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Obama’’s first act

Obama’s first act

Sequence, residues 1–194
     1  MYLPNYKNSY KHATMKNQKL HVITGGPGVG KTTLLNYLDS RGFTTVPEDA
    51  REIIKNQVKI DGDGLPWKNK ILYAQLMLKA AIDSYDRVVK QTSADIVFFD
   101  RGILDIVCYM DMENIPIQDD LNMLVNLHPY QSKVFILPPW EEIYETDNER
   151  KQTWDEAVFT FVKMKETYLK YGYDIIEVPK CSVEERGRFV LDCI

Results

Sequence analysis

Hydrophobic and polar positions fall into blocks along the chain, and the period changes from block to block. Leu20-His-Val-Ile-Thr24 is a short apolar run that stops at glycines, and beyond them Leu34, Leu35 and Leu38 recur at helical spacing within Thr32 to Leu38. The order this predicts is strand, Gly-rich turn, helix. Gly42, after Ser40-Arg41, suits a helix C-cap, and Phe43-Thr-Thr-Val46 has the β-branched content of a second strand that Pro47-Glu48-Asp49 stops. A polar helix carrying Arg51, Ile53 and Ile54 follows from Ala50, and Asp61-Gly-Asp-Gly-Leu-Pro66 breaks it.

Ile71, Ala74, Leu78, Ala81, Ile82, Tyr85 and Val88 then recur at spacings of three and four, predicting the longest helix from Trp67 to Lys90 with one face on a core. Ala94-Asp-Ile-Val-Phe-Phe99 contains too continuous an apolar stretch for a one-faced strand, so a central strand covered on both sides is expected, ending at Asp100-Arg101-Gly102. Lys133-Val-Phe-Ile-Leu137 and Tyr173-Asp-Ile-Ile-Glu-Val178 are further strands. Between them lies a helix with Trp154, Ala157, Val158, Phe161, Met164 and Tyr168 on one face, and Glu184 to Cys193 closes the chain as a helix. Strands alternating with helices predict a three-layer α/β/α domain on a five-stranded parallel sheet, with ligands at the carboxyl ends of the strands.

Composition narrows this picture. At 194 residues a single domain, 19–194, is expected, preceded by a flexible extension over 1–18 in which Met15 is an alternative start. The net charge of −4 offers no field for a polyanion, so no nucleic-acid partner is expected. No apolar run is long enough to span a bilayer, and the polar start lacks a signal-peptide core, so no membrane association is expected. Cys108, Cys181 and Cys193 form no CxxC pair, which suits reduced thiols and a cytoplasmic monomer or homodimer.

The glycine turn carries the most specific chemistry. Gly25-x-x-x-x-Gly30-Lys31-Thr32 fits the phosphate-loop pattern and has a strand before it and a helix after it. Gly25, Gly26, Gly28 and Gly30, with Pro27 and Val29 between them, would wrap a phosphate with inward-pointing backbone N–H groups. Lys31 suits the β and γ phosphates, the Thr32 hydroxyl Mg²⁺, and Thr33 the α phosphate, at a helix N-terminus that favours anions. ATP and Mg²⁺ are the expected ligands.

Barack Obama emphatically promised more than a year ago, “The first thing I’d do as president is sign the Freedom of Choice Act.” Will he keep his word? The Freedom of Choice Act is a sweeping bill that would abolish all pro-life regulations across the nation, from parental notification laws to bans on federal funding of abortions. The Office of the General Counsel for the US Conference of Catholic Bishops identified 13 categories of pro-life laws that would be stampeded and nullified by FOCA. As far-reaching as the decision of Roe v. Wade is into the states’ jurisdictions and our lives, even it, for example, showed certain respect for state laws and limits on infringing regulations in the medical field. FOCA shows no such restraints; it nails shut the coffin on pro-life choices and safeguards. And why has Obama pledged his allegiance to pass FOCA? Not only because he has the most passionately liberal prochoice record of nearly any politician but also because, as he told a meeting of Planned Parenthood during his campaign, “it is time to turn the page” to a new day, when prolife views and laws and debate on abortion are passé. And if he and the Democratic majority have their way, America will have that new day, one in which hundreds of thousands more abortions will be performed annually. (I still think it is utterly hypocritical that a president and a political party who pride themselves on providing and protecting minorities don’t include the unborn among those minorities.) The fight to pass FOCA is being waged despite a new nationwide survey revealing that about 4 in 5 US adults would limit abortion’s legality. About 1 in 3 would limit abortion to rape, incest or saving a mother’s life. One-third also would limit abortion to either the first three months of pregnancy or the first six months. Only 9 percent said abortion should be legal for any reason at any time during pregnancy. These statistics are in stark contrast to the goals and objectives of FOCA, which would close the culture debate on abortion in an unprecedented way for any piece of legislation. America doesn’t need to “turn the page” on culture battles, such as abortion; it needs to reopen the pages of its history to our founders’ heightened views about the rights of all human beings in the Declaration of Independence and our Constitution. And we need to revive and re-instill that value of humanity back into society, our children and our children’s children. Under our Constitution, the federal government should protect that right to life. But besides affirming that foundational human right, the details and debates of the laws governing abortion should be left to the states. Despite the Supreme Court’s unconstitutional striking down of abortion laws nationwide in 1973 and instituting a completely unconstitutional federal right to abortion, there is still much we can do at the state level to protect human life by promoting pro-life legislation and education. That is, unless FOCA is enacted into law. After 35 years of ceaseless controversy since the Supreme Court’s ruling in Roe v. Wade, some people think that abortion is an “old” issue better dropped. But as my friend and prolific author Randy Alcorn wrote in his small book, Why Pro-Life? Caring for the Unborn and Their Mothers:

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